Saving Fuel on Buses

Bus and truck companies could cut their fuel bills by more than 7 percent simply by training their drivers on more efficient driving techniques and offering a financial reward to those who improve fuel economy. A study published in the International Journal of Sustainable Society, suggests that training and financial reward improves efficiency by 7.3 percent whereas training or reward alone leads to about 5 percent savings.

Salim Saadia, Shlomo Hareli and Boris A. Portnov of the University of Haifa in Israel, recruited local bus company "Egged Ltd" and tracked the driving and fuel economy of four groups of 20 bus drivers at the company. A control group was given no incentive and no training. The second group were given a week of professional training on reducing fuel consumption and a financial reward depending on their improved driving over the three-week experiment; 30 percent of cost for each litre of gasoline saved. The third group received only training and the fourth, no training but a financial reward.
Portnov and colleagues found that fuel efficiency among the 20 drivers in the control group was not affected to any significant degree whereas those receiving training and the 30 percent financial bonus managed to improve their fuel efficiency by a large margin, 7.3 percent. The training alone led an improvement in efficiency of 5.4 percent and those with the financial incentive but no training improved by a little less at 5 percent. For Egged Ltd, this amounts to an annual fuel saving at the price during the experiment of US $1 to 1.2 million; a not insignificant amount of money for a company of this size.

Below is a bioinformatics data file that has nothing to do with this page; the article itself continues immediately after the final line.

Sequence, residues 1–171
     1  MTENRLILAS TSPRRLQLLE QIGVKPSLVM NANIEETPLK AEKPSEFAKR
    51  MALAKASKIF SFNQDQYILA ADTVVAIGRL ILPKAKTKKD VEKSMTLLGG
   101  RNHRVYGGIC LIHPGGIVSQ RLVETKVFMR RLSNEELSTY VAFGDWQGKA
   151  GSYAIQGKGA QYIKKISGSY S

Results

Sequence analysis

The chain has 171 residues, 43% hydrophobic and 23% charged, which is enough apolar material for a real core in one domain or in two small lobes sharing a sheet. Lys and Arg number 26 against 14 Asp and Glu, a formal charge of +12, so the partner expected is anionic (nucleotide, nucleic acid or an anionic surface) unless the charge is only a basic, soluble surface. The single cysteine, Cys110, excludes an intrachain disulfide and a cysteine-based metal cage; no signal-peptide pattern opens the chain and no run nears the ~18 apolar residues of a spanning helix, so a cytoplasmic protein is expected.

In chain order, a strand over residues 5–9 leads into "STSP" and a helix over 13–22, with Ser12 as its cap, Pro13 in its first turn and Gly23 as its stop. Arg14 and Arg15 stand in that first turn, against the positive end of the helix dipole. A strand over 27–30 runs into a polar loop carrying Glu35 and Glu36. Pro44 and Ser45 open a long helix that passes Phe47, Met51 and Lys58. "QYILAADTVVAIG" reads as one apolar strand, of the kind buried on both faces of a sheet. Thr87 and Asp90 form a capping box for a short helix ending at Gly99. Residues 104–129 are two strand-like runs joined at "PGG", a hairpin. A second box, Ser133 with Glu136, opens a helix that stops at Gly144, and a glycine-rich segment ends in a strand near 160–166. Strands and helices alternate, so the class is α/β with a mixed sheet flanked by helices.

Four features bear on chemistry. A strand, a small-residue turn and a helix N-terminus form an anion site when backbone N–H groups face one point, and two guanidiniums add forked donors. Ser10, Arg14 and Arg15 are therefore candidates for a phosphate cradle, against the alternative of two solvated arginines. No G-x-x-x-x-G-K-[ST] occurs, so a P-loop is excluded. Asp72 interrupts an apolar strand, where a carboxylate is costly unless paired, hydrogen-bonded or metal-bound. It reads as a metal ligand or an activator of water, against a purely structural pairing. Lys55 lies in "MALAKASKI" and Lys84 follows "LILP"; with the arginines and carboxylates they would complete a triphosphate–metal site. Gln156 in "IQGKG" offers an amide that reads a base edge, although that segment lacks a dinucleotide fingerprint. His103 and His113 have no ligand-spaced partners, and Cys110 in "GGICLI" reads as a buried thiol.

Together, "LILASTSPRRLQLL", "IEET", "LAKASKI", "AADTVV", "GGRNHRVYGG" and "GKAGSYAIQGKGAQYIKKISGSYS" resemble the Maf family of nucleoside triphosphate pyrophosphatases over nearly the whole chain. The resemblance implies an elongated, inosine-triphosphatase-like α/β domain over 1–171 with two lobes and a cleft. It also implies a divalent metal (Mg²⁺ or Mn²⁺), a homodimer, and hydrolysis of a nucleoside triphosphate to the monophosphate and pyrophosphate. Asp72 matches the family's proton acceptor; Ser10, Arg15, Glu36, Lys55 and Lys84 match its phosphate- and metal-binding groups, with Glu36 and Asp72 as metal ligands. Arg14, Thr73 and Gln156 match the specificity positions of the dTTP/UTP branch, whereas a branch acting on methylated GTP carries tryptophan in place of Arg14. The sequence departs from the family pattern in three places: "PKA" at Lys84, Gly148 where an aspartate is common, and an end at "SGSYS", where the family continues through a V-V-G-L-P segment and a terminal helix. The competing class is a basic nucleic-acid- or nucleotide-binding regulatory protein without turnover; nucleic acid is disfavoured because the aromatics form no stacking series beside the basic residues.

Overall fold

"Both professional training and financial compensation appear to be equally effective in encouraging gasoline saving," the team says. "The combination of both tools yielded similar results, suggesting that these strategies reached their ceiling of possible improvement in gasoline consumption. Overall, the amount of money paid to drivers for gasoline conservation is lower than the amount saved so that the company saves money overall, thus rendering the financial compensation practice cost-effective."

There is no reason to assume that adopting the same approach in other companies with fleets of vehicles would not improve efficiency across the transport industry. Indeed, at the personal level, a 5 percent saving, even without the financial bonus would improve the budget of any family with at least one vehicle.

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